What makes a dancer so beautiful to watch? What makes a dancer so beautiful to create movement with? These are the questions I'm seeking answers to at this point. 

Monday, September 19

Strangers in the night

"Strangers in the night
Two lonely people, we were strangers in the night
Up to the moment when we said our first hello little did we know
Love was just a glance away, a warm embracing dance away"

The longer you end up in Tango, the more the elusive reason of why you stay in it begins to fade. After encountering the negative side of the dance - not getting dances, bitchy people, negative emotions - you tend to forget that the positives more than outweigh the bad really. But if there was really anything at the core of it, it is this, it is the moment of locking eyes with a stranger and suddenly becoming the most intimate acquaintances. Sensual, playful, being able to communicate without words, being able to give and take, yin and yang, feminine to the masculine energies, a real blend.

Having fun with the music, having fun with the moves, throwing and catching, releasing and absorbing energies. This is why you train, this is why you take lessons, this is why you spend so much $ on travels, on shoes, on clothing, to create a moment so perfect it lingers with you for the longest time.

Focusing on the minute sessions, focus on the internal and whats within and with-out. To move and commit with every step, to not make fun of it, but to respect the whole way. Respect the music, respect the moves and respect the etiquette of this surviving art form.

It's like finding the perfect partner in a tennis match, where you win some, you lose some and the score is 7-6,6-7,7-6 by the end of it. Equals. Partners.

Do not dance me. Dance with me. 

Tuesday, June 14


What is it to be mature in this dance? Everytime I review the journey I wonder over and over again how I could have possibly danced last year, how anyone could have enjoyed dancing with me, with that funny embrace, that un-disassociated upper body, that off balance ocho.

Yet the breakthrough seems to be sustained over the last year. After getting a full ass-kicking going to to the Istanbul Tango Marathon, a revelation of sorts with TC's teaching, a continued involvement in shaping and crafting the scene for KL tango, I have settled into a relatively peaceful place with this dance. I also attribute this highly to Yoga having helped me stretch out some previously un-stretchable parts and helping the balance tremendously.

Deep diving in the bio-mechanics of this dance, into the music and the history, just bringing myself out of the fog of unawareness and bliss. This is where the true complexity of Tango unfolds itself. Much like a baby becomes a toddler who transforms into a teenager and then an adult, we are only as mature as the stage and experiences we expose ourselves to. Unfortunately Tango is also like wine, it is impossible to rush the maturation progress without having put in the miles and encountering the experiences that change your perception of what this dance is to you and to the people you interact with.

What do you want to show them about yourself? What do you want to take from them? The only way to do so is to work on yourself, your dance, awareness, appreciation and interpretation of what is being shown to you by the range of teachers, friends and partners. It's tiring to sustain this dance in a community that is small, but it is this passion that drives us to want to continue to bring people in, to maintain a sense of non-judgement. For the seniors, to inspire, enlighten and bring the new ones on the journey and to be an influence. For ourselves, to recognise that we are toddlers too, barely matured and to always keep the sense of being humble, being open to learning, and being open to criticism and judgement of ourselves.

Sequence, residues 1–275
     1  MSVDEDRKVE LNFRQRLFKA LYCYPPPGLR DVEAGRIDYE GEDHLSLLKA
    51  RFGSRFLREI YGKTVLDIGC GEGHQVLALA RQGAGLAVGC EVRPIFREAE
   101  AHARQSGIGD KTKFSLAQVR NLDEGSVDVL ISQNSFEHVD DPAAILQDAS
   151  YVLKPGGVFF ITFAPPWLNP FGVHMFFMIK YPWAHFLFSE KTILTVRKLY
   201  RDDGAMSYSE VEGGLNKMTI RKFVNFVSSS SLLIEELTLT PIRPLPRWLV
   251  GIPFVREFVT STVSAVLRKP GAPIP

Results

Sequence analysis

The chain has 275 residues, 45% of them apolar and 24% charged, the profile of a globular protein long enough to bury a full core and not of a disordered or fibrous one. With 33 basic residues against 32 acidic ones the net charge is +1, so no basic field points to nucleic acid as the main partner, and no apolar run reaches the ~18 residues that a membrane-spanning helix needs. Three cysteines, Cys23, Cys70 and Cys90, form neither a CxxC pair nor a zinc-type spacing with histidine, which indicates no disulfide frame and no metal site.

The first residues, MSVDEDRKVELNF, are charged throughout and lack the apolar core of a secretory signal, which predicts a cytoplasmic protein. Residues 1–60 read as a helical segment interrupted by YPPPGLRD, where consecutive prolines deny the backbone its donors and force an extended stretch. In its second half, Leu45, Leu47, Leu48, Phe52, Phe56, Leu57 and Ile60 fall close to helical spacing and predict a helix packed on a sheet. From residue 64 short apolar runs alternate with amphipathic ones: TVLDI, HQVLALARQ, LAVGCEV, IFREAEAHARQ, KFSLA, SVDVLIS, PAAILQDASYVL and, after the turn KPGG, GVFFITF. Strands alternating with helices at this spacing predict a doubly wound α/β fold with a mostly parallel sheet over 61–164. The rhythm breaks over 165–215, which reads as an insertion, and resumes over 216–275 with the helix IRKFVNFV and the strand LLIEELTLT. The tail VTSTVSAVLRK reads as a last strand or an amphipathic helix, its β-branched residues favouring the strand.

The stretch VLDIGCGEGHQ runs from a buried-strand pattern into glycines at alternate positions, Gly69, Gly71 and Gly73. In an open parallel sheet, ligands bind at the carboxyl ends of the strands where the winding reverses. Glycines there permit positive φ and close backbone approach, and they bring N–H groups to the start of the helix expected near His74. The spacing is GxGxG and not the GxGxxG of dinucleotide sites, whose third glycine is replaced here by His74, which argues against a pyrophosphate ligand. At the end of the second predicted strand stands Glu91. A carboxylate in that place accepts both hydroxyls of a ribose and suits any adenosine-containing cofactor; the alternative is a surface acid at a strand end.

Friday, June 10


I don't think anyone likes rejection. Apparently rejection creates the same level of pain akin to being physical. Lord knows we face PLENTY of rejection on the floor, whether it be manifested in the shirking of a glance, or in the outright, no to the face for the poor soul who decided to verbalise their intent and invite.

There's a bit of learning curve or trial by fire that everyone needs to go through when facing Tango, especially in the baby years. It's the moment where you're left literally collecting dust in the corner, being overlooked and craving the invites of those dancers, oh so much more advanced than you. Especially as a follow who's role is to accept and not to initiate anyway.

I still remember one occasion in A2 where it was an open practica in Mason Hall. We literally sat there for 3 hours not getting any dances until I had the gall to walk over to the instructor to ask for a dance. One measly dance.

In hindsight super embarassing and super against etiquette but really, how's a beginner supposed to improve without some help? Yes you have your fellow beginners in class where you're mutually willing to help each other with the dancing, but to really know how a move is being done properly and being done in a way that serves to highlight that it is actually your weaknesses being manifested, you need a more experienced partner.

This is where the big debate happens. How much does rejection really mean rejection in a way that is irreparable? I've had leads tell me that rejection to them once means rejection forever. I tend to also err on the side of, if I don't want to dance with you, I likely won't go through the niceties of greeting you with air kisses and small talk. Perhaps, more reflective of my own personality more than anything else. Not one to deal with non-genuine interactions. I am also of the school of thought that rejection isn't nice and to spare you the pain of rejection, I will therefore avoid you first.

Also, how many rejections means, no, I don't ever want to dance with you. I guess this is why the cabaceo works, because it allows an unspoken silence to hang in the air and also the hope that tomorrow, that person will dance with me.

There are a few things that would make me never want to dance with someone again though - arrogance, lack of awareness and a complete lack of respect for the music. Stop moving when the music stops, I implore you!

Maybe sometimes you get tired trying to improve the world and rather the world sort itself out before it involves you again...